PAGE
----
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McMurdo Sound, located in the south-western Ross Sea (Fig. 1), is characterized by significant ISW outflow, arguably one of the most comprehensively observed ISW plumes available (HU14; Langhorne et al., 2015; Robinson et al., 2014). A prominent SIPL forms in the central-western sound (Dempsey et al., 2010); the maximum (area-averaged) observational first-year sea ice and SIPL are 2.5 (2) and 8 (3) m as determined from drill-hole measurements adjacent to the McMurdo Ice Shelf front between late November and early December in 2011 (Fig. 9 in HU14). The thin (∼20 m) McMurdo Ice Shelf front allows the ISW outflow to be delivered to the ocean surface without mixing with warmer ambient waters (Robinson et al., 2014). The study documented in HU14 was the first to apply the steady, one-dimensional frazil-ice-laden ISW plume model developed by Smedsrud and Jenkins (2004) to McMurdo Sound, although a constant ISW plume thickness was used. McMurdo Sound therefore seems an ideal setting in which to apply and evaluate the new vertically modified ISW plume model proposed by Cheng et al. (2017), which includes time dependence and two horizontal dimensions. The main objective is to explore the possibility of finding the quantitative relationship between the SIPL thickening rate and ISW supercooling. Establishing such a relationship is of significance to the assessment of total sea-ice thickness and thus the oceanic heat flux associated with SIPL in McMurdo Sound and elsewhere.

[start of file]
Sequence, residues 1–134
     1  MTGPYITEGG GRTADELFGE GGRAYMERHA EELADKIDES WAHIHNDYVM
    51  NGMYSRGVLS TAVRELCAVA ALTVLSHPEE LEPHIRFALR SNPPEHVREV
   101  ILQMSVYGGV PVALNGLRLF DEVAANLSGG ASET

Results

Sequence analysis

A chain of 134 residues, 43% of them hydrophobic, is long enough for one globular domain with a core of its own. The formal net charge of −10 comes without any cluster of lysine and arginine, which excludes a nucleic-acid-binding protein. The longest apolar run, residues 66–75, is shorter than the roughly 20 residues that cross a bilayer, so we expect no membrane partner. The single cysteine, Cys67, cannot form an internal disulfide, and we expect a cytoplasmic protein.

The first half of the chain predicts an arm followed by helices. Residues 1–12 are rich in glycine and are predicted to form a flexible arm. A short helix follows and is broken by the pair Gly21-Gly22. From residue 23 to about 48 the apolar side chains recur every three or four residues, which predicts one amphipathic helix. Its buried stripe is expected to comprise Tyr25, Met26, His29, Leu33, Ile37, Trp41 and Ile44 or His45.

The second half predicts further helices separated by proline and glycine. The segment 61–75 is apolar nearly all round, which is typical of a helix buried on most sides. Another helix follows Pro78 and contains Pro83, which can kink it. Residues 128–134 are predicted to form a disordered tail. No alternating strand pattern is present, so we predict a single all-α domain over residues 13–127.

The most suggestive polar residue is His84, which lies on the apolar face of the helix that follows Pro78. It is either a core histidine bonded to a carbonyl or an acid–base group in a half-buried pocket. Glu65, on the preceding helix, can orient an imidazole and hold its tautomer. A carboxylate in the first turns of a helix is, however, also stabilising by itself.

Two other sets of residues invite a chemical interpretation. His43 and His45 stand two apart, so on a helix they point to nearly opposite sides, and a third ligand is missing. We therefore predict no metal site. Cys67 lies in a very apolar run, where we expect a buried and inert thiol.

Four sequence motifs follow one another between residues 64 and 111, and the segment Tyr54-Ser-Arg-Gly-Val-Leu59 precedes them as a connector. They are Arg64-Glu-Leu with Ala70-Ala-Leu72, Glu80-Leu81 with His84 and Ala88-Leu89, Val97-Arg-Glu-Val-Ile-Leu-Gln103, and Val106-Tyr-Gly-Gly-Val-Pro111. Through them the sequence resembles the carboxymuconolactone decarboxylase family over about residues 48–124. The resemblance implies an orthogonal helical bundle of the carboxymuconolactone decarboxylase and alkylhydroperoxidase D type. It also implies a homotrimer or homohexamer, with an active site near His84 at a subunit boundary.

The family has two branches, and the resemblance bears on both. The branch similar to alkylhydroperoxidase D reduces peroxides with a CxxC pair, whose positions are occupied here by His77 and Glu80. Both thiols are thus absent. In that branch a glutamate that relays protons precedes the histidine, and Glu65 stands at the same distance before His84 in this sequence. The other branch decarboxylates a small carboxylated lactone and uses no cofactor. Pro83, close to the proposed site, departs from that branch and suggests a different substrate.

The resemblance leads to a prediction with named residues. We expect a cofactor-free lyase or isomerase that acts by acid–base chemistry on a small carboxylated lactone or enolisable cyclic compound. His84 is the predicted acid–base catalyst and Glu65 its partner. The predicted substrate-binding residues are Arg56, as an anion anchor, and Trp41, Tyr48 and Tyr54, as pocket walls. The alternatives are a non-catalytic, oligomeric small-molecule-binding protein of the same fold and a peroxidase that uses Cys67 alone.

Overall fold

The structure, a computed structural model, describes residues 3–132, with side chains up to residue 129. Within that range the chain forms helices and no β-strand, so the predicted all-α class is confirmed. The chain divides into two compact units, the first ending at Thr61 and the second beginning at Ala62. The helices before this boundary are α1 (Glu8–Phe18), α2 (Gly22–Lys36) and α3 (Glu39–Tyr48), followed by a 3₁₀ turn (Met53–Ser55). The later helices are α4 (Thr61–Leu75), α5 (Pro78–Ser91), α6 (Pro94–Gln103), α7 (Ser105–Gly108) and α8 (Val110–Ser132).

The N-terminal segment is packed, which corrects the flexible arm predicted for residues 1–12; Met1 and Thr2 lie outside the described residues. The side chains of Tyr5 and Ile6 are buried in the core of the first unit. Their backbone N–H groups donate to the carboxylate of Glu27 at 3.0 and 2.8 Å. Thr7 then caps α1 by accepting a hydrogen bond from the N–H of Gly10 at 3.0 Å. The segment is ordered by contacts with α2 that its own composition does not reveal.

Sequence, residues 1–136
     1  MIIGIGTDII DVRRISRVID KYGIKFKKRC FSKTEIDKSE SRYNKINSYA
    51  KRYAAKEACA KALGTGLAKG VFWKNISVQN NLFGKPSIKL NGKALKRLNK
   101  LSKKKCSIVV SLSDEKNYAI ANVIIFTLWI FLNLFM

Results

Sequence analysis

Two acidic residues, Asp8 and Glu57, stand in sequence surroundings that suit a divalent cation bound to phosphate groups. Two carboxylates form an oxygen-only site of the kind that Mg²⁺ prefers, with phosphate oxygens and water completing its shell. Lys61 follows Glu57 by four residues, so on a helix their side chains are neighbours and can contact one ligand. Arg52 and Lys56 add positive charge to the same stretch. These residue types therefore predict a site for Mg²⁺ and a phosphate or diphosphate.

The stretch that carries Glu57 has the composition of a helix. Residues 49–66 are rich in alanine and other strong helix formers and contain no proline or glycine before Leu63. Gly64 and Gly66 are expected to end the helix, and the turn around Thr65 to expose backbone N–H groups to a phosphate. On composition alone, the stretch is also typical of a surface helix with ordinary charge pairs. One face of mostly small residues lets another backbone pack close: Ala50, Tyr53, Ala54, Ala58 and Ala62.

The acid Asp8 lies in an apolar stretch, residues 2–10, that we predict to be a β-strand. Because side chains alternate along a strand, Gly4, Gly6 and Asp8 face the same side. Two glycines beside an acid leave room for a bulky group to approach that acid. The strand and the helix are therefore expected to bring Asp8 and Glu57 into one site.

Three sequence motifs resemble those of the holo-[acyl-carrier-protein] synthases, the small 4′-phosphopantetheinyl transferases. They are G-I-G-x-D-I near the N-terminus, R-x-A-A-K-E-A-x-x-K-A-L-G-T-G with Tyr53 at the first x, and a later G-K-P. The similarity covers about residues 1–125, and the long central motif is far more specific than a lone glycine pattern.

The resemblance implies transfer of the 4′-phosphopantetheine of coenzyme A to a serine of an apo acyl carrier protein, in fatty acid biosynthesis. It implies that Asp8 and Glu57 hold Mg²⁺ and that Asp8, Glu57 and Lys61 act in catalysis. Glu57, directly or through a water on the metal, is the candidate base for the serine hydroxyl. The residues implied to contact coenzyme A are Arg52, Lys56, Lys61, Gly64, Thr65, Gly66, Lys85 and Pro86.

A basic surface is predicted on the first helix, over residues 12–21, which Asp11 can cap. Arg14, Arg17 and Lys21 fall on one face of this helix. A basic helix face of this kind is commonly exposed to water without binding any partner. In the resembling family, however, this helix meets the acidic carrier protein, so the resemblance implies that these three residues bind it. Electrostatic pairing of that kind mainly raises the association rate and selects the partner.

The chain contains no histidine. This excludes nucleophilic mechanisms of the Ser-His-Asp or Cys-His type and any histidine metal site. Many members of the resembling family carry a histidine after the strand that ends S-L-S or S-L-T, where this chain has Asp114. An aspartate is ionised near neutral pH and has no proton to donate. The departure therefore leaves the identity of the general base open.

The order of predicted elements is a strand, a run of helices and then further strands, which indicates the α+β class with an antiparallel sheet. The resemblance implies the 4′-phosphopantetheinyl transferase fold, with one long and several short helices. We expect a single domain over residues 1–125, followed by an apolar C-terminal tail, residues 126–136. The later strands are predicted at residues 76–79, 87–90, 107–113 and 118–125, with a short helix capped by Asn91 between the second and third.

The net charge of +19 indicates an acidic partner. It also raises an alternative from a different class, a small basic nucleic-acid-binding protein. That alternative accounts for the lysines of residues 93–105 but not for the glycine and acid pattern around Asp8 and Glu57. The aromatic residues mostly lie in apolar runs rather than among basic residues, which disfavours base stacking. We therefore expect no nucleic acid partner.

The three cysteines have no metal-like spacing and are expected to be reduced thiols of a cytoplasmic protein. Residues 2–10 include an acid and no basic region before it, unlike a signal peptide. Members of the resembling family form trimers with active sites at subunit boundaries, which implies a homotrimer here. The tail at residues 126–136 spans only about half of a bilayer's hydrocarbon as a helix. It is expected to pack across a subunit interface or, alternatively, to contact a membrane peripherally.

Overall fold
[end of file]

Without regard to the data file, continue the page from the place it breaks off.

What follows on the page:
Here we first analyse the combined non-linear effects of the vertical distributions of supercooling and frazil concentration on the suspended frazil-ice growth rate in a supercooled ISW plume and compare results with those obtained with a commonly used, depth-averaged formulation. Then, we evaluate the performance of the vertically modified ISW plume model in reproducing the observed ISW supercooling and SIPL distribution to show the importance of considering the combined non-linear effects. Finally, we conduct 211 sensitivity simulations with the purpose of quantitatively establishing the response of the SIPL thickening rate as well as the frazil-ice concentration to variations in ISW supercooling in McMurdo Sound.